Zoom

My 5th grader attends Opal School, a K-grade 5 Portland Public Schools charter school at the Portland Children’s Museum.  The school takes full advantage of its setting in Washington Park to access and experience the outdoors, giving the students time to breathe fresh air, feel the falling rain, get muddy, climb trees, hike, and run up and down grassy slopes.

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Photo credit: Kimie Fukuda
All rights reserved

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Photo credit: Kimie Fukuda
All rights reserved

They study and play in the areas immediately outside the school, but also within Hoyt Arboretum.  These years are a priceless gift that nurtures the students’ connection with the natural world in an age of “nature-deficit syndrome.”  I could go on and on about the incredible work that goes on at this school, but read their blog if you want to know more. The subject of this post is a special tree.

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I don’t know the story of how this tree acquired the name “Zoom.”  It had been named before my children were enrolled.  Zoom is a large, multi-trunk western red-cedar, Thuja plicata, located outside the Children’s Museum. It is perfect for climbing.  My son fully explored the spreading lower limbs from the age of 3 onward.  Older children climb to the very top.

Climbing trees aren’t hard to find, but this tree offers more than that.  The lowest hanging foliage makes a curtain and ducking underneath one enters a new place — the shade is cooling, sounds are filtered out, outside views are screened — you’re not standing at the base of Zoom, you are within Zoom.

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There is space here for an entire classroom of children to all explore and experience together.  There is something so unique about this — I think of most school yards with the hot sun baking down on flat asphalt surfaces and play equipment which suggests limited options, providing for few to use at a given time.  Zoom invites all to experience at each one’s level of comfort or inspiration — playing under, around, up a little, or way up high.  Alone, with a buddy, with your entire class.  What does it feel like to be uncertain and worried about finding one’s way down?  To have one’s feet touch the ground again, having climbed just a little bit higher than the day before?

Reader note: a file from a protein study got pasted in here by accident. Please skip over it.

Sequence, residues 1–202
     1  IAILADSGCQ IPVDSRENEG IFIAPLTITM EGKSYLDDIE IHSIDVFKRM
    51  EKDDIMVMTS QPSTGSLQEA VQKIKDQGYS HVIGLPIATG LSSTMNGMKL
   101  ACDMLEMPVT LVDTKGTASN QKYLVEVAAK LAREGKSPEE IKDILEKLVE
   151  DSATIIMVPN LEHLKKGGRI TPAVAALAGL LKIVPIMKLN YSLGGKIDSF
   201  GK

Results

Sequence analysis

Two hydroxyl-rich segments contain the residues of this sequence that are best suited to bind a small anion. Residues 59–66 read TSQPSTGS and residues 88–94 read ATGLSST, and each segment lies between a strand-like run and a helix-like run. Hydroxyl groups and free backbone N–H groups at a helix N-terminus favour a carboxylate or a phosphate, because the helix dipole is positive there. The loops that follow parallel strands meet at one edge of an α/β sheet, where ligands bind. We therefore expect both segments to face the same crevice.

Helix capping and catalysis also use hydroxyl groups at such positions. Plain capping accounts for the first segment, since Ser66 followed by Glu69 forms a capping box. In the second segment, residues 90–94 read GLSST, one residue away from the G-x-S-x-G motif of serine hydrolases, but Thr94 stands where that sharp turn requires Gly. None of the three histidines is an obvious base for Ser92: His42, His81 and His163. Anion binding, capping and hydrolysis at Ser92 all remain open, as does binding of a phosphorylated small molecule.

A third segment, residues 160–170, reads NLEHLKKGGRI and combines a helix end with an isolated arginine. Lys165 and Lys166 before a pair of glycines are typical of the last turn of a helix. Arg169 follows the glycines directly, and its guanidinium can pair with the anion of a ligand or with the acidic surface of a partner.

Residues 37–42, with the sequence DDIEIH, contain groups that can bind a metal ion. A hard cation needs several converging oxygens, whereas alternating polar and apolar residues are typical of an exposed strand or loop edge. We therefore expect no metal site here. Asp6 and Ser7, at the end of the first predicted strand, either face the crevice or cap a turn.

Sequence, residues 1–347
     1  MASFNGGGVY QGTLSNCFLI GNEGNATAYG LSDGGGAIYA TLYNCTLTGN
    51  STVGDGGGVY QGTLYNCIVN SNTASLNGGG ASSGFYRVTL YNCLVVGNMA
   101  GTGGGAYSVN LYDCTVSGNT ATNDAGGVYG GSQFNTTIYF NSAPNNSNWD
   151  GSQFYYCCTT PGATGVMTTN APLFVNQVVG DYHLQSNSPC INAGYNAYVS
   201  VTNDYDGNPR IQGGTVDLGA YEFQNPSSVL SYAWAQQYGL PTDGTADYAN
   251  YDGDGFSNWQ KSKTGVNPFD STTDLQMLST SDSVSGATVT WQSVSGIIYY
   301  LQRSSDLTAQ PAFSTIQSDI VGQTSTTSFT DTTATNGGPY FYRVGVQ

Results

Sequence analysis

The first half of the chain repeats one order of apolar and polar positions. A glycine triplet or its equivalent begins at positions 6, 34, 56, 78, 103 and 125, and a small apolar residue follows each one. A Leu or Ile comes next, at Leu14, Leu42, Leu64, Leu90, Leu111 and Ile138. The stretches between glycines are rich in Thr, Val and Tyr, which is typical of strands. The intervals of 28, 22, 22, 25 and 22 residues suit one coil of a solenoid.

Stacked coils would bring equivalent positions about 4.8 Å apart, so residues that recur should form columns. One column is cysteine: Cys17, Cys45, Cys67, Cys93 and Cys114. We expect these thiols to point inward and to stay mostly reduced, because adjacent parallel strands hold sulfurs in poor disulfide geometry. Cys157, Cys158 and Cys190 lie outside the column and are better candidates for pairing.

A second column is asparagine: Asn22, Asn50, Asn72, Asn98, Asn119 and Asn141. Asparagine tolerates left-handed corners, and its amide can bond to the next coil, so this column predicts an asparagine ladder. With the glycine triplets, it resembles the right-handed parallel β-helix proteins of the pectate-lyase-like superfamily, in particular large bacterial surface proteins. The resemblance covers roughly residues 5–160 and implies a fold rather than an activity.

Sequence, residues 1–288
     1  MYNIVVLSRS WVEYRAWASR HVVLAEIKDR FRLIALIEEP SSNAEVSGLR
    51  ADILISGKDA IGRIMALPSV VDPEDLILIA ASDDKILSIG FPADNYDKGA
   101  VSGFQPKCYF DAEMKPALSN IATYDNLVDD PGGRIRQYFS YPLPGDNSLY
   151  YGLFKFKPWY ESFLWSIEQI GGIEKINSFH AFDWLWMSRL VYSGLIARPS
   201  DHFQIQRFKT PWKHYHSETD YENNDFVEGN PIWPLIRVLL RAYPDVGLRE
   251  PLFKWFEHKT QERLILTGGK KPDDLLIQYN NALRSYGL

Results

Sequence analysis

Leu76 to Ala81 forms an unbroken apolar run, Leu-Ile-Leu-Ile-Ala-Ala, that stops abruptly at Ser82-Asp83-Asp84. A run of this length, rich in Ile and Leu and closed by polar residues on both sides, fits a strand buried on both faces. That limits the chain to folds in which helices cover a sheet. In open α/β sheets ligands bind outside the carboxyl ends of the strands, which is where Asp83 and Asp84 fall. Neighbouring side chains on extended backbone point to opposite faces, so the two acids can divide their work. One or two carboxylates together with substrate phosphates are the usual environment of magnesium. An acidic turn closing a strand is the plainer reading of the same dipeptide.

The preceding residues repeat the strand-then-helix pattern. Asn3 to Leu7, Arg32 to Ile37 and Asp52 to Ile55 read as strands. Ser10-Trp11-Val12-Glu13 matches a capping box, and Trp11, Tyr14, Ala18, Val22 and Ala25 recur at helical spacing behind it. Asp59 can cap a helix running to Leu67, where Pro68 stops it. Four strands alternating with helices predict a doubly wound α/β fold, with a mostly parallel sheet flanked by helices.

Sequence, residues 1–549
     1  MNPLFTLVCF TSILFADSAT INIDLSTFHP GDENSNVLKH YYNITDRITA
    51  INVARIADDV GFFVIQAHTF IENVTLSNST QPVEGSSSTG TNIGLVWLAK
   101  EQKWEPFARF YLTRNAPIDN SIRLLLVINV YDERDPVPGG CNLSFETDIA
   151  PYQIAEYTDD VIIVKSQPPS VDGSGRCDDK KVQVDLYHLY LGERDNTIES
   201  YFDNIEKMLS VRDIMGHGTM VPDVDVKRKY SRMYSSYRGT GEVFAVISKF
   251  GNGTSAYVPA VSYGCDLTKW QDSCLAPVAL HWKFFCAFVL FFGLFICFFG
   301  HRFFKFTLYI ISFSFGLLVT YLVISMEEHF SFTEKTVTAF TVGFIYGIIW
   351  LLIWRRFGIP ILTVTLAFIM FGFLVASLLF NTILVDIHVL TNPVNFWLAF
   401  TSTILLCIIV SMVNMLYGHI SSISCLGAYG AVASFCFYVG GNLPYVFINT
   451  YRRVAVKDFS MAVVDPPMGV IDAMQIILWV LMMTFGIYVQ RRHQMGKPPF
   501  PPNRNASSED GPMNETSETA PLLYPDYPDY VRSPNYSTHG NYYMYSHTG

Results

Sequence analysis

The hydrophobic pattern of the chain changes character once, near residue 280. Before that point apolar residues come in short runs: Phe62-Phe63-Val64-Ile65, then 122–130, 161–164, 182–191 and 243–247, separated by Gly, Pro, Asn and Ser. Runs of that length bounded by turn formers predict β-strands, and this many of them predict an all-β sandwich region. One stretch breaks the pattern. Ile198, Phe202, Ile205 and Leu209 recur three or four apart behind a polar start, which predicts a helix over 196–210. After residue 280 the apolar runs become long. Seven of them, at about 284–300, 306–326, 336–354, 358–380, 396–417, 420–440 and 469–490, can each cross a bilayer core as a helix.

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Photo credit: Kimie Fukuda
All rights reserved

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Photo credit: Kimie Fukuda
All rights reserved

How fitting that Zoom exists in such proximity to a school which values multisensory and experiential learning.  I have to believe that children with teachers who know the value of touching, climbing, loving a tree as a friend will grow into adults who know that living in relationship to trees is essential to our well-being.

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5 Responses to Zoom

  1. Julie Fukuda says:

    It reminds me of two very young boys who learned to identify trees, not by name, but “that is the kind of tree that has itchy caterpillars” They didn’t get that information by standing and looking!

  2. Paula Dion says:

    My son and his classmates, the first gen Opal kids, named Zoom. So many happy memories and thoughts go along with that name…kids testing their limits about how high a branch they could reach, others nestling beneath the magic circle of Zoom’s branches, chatting with fairies. Zoom embraced all, without judgement – something rare for kids today. I am hoping that the Museum’s soon-to-be-built outdoor experience exhibit stays true to Zoom’s spirit of open-ended exploration.

  3. julieafukuda says:

    Paula, good point about the new exhibit. I’m not sure how it will end up when the project is complete but at least from the available schematic the space around Zoom will be altered from its current naturalistic setting. http://www.portlandcm.org/outdoor-adventure/

  4. Pingback: A tree called Zoom | Treeblogging.com

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